by Robert Emmett Murphy, Jr.
Presidential hopeful, and longest-ever sitting Texas Governor, Rick Perry, has been indicted for two felonies and is facing a potential (but improbable) 109 years in prison. His supporters are screaming witch-hunt. His detractors say its long-over-due.
Please relax while, to the best of my ability, I explain what this is about…twice. Because this story has an easy version, and a complicated version. And after I give you both versions, there will be even more to explain.
• The easy version:
Travis County District Attorney Rosemary Lehmberg runs the Public Integrity Unit. As her office is in Austin, the Capital, her little office has the authority to investigate corruption state-wide. She’s a Democrat, and although she has aggressively prosecuted political players of both parties, she’s proven a special thorn in the side of the State of Texas’ largely Republican power-structure because her office indicted and convicted Tom Delay for money laundering. DeLay was Texas’ most important power broker, and his influence over redistricting maps was central to the Republicans expanding their power base to completely dominate every level of State government despite having only a bit less than 45% of the population actually self-identifying as Republican (based on a 2008 Gallup poll). This conviction was also a key component in the interconnected prosecutions in the Jack Abramoff scandal, which were maybe the most significant, successful, corruption prosecutions of elected official on the Federal level since the ABSCAM scandal of the 1970s (there have been two major Hollywood movies made about Abramoff’s misdeeds, ABSCAM only seemed to demand one). Fall-out from that scandal enabled the Democrats to seize the majority in the US House of Representatives in 2006, and played a role in the continued Democratic surge that brought President Barack Obama into office in 2008.
Perry and Lehmberg were long-standing adversaries, not in the least because she appears to be the only remaining important head of any facet of Texas’ State-wide authorities that wasn’t a Perry ally/appointee. Moreover, she was investigating one of his signature projects, and by extension, investigating him. That was a state agency called the Cancer Prevention and Research Institute of Texas (CPRIT) which was marred with charges of mismanagement and corruption. In the midst of this investigation, Lehmberg got was arrested and convicted of a misdemeanor. Now had she resigned, or been forced out, in the wake of this, Perry would’ve been empowered to replace her with a DA of his own choosing. His autocracy would be complete, and perhaps this could’ve also derailed the CPRIT case.
No one with potential authority to fire or impeach her took any steps against her. The prosecutors who worked under her publicly supported her remaining in office, as did State Senator Kirk Watson and other Democrats. There were at least two attempts to force her out of office through the courts, but so far all have failed to satisfy judges/juries.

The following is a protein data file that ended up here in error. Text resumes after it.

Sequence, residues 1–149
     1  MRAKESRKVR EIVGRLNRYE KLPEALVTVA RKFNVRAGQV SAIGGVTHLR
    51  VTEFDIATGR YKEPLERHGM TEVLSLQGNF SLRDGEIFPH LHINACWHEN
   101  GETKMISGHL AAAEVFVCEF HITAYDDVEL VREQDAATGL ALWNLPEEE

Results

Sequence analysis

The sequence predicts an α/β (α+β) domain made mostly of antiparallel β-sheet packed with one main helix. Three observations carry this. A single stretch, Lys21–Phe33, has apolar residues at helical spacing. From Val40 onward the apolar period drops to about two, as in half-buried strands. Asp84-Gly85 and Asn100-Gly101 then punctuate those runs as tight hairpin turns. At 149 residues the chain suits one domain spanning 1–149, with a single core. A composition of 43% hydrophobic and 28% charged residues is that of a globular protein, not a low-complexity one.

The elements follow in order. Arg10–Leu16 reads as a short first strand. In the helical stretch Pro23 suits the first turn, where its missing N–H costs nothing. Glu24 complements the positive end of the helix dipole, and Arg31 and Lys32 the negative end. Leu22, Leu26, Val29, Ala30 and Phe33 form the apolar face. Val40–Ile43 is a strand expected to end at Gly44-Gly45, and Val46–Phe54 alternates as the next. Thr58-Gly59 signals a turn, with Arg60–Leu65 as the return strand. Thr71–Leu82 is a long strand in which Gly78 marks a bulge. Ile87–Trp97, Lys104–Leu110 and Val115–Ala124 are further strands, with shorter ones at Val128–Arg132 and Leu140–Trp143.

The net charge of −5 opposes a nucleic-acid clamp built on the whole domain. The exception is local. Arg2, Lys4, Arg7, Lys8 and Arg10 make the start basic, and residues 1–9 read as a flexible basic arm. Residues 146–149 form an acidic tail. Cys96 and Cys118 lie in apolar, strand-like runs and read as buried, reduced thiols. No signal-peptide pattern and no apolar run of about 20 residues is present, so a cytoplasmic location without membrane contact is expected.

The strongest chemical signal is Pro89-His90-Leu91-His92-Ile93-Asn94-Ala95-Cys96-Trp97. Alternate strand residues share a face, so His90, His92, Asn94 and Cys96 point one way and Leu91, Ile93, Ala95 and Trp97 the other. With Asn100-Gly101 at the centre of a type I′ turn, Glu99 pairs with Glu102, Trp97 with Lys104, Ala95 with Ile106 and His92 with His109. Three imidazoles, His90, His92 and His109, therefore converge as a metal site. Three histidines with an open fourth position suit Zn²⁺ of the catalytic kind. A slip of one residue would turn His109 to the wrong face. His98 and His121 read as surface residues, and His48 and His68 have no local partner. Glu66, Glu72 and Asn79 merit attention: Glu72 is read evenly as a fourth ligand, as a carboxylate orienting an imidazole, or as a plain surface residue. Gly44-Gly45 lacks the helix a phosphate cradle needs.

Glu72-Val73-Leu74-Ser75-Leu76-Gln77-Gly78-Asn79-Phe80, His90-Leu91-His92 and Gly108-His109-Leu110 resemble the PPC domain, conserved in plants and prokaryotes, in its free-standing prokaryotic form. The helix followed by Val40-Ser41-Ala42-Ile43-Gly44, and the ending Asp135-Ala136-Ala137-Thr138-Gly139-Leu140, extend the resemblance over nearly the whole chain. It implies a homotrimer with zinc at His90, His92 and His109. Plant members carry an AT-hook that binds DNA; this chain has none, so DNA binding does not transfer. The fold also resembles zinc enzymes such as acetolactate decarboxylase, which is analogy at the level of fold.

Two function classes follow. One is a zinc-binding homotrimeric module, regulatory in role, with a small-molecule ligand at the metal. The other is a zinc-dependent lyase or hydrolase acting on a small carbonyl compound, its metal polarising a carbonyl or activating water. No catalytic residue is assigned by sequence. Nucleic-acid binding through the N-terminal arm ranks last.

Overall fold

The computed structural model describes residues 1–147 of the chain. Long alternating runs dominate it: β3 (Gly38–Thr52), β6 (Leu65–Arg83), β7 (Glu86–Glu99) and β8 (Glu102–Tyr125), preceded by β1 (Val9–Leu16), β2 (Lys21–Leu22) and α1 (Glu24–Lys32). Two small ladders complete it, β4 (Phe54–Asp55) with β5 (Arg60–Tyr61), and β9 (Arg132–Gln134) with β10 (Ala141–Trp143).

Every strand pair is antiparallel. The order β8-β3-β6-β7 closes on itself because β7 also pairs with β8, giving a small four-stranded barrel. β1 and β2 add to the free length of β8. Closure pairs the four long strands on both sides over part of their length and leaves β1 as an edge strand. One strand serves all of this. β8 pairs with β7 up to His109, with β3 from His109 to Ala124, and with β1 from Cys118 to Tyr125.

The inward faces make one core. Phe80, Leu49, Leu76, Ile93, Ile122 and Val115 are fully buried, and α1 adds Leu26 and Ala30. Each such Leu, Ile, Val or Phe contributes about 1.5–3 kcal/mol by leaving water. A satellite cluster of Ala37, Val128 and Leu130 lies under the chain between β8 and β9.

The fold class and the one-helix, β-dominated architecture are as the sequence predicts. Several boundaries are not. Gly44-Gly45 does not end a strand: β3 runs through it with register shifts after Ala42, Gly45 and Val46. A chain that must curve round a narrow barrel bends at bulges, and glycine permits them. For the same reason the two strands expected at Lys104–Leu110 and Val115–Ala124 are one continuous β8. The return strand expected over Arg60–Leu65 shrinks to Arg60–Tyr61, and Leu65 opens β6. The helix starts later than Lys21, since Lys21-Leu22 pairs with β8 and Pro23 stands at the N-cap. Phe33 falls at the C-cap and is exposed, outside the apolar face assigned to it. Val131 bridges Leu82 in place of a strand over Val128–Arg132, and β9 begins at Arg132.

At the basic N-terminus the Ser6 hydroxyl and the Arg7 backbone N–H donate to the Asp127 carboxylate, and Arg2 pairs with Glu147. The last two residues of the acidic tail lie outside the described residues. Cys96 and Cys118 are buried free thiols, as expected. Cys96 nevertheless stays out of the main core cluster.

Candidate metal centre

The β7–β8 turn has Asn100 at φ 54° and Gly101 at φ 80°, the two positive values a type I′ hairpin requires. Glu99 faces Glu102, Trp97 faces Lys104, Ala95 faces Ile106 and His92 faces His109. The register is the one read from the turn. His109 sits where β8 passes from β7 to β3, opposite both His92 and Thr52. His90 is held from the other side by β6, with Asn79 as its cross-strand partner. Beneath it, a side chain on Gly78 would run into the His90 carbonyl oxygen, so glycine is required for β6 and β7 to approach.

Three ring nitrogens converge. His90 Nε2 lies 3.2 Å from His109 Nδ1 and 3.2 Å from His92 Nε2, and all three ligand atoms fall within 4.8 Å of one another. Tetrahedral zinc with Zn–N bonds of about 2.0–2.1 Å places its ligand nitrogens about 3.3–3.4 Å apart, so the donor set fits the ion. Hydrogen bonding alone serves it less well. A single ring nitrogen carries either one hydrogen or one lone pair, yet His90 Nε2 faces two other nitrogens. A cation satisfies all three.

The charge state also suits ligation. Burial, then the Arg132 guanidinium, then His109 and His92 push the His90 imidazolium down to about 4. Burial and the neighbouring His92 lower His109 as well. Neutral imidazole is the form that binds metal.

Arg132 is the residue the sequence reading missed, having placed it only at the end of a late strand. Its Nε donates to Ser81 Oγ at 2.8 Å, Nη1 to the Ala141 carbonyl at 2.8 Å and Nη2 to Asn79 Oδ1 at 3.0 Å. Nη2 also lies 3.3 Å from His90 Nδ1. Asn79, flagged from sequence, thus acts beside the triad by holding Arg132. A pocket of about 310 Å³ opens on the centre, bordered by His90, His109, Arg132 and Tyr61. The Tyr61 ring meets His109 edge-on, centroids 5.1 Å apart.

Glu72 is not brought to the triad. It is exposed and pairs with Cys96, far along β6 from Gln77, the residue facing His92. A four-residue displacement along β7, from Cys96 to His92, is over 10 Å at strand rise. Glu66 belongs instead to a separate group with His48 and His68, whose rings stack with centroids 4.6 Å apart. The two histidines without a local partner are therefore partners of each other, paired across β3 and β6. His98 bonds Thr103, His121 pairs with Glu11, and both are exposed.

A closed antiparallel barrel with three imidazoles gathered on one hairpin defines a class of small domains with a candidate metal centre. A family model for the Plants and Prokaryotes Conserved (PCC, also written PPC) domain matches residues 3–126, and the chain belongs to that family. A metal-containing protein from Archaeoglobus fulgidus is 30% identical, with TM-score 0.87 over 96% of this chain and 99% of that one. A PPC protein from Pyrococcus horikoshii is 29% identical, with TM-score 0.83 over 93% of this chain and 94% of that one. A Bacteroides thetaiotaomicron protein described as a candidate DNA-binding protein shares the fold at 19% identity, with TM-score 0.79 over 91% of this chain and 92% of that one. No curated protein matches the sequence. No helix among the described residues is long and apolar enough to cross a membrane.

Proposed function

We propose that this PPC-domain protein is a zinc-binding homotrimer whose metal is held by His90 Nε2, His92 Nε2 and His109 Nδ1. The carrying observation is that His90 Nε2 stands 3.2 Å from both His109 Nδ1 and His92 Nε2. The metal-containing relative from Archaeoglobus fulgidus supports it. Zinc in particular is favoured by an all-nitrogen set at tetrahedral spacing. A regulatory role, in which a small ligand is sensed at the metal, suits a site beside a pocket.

Very importantly, Perry didn’t have that authority to demand her removal. She wasn’t a State Appointee, but like him, an Elected Official.
Enraged that Lehmberg would not get out of his the way, he threatened to veto $7.1 million dollars in funding for the PIU. When she continued to resist him, he carried through on his threat. This was done at the end of the session, making it illegal for the legislature to overturn the veto come the next session. The Travis County Commissioners were forced to find funding on their own without State support, but what they could manage was radically paired down, requiring steep cuts and lay-offs within the office, which was at the time carrying more than 400 open cases. Despite this, the case against CPRIT continued unabated and a former director, and close Perry associate, was indicted last year for his handling of an $11 million grant.
The charges against Perry are born of his abusing his veto power to achieve something beyond his authority, getting Lehmberg replaced with someone more friendly to him. And he harmed the public good in the process, by defunding an anti-corruption unit. And that unit just happened to be investigating him at the time.
This is the text of the specific law he is accused of violating:
(a) A person commits an offense if by means of coercion he:
(1) influences or attempts to influence a public servant in a specific exercise of his official power or a specific performance of his official duty or influences or attempts to influence a public servant to violate the public servant’s known legal duty; or
(2) influences or attempts to influence a voter not to vote or to vote in a particular manner.
(b) An offense under this section is a Class A misdemeanor unless the coercion is a threat to commit a felony, in which event it is a felony of the third degree
• Now to make it more complicated: